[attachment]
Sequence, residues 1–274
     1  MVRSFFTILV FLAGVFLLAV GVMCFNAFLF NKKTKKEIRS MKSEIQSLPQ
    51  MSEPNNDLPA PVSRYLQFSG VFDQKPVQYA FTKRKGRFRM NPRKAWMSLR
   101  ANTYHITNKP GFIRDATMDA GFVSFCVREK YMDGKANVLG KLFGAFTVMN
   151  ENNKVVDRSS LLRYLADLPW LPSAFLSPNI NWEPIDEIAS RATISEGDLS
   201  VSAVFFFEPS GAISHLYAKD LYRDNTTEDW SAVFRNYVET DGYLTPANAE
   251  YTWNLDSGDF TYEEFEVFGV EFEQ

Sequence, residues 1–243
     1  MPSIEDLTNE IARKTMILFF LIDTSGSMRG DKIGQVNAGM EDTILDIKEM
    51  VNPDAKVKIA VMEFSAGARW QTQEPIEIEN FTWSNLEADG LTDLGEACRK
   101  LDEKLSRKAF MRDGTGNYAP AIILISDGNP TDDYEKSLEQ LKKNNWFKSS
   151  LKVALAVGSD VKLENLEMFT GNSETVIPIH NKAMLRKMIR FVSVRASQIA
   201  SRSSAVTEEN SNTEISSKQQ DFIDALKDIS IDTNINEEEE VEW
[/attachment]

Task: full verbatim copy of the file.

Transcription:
Sequence, residues 1–274
     1  MVRSFFTILV FLAGVFLLAV GVMCFNAFLF NKKTKKEIRS MKSEIQSLPQ
    51  MSEPNNDLPA PVSRYLQFSG VFDQKPVQYA FTKRKGRFRM NPRKAWMSLR
   101  ANTYHITNKP GFIRDATMDA GFVSFCVREK YMDGKANVLG KLFGAFTVMN
   151  ENNKVVDRSS LLRYLADLPW LPSAFLSPNI NWEPIDEIAS RATISEGDLS
   201  VSAVFFFEPS GAISHLYAKD LYRDNTTEDW SAVFRNYVET DGYLTPANAE
   251  YTWNLDSGDF TYEEFEVFGV EFEQ

Sequence, residues 1–243
     1  MPSIEDLTNE IARKTMILFF LIDTSGSMRG DKIGQVNAGM EDTILDIKEM
    51  VNPDAKVKIA VMEFSAGARW QTQEPIEIEN FTWSNLEADG LTDLGEACRK
   101  LDEKLSRKAF MRDGTGNYAP AIILISDGNP TDDYEKSLEQ LKKNNWFKSS
   151  LKVALAVGSD VKLENLEMFT GNSETVIPIH NKAMLRKMIR FVSVRASQIA
   201  SRSSAVTEEN SNTEISSKQQ DFIDALKDIS IDTNINEEEE VEW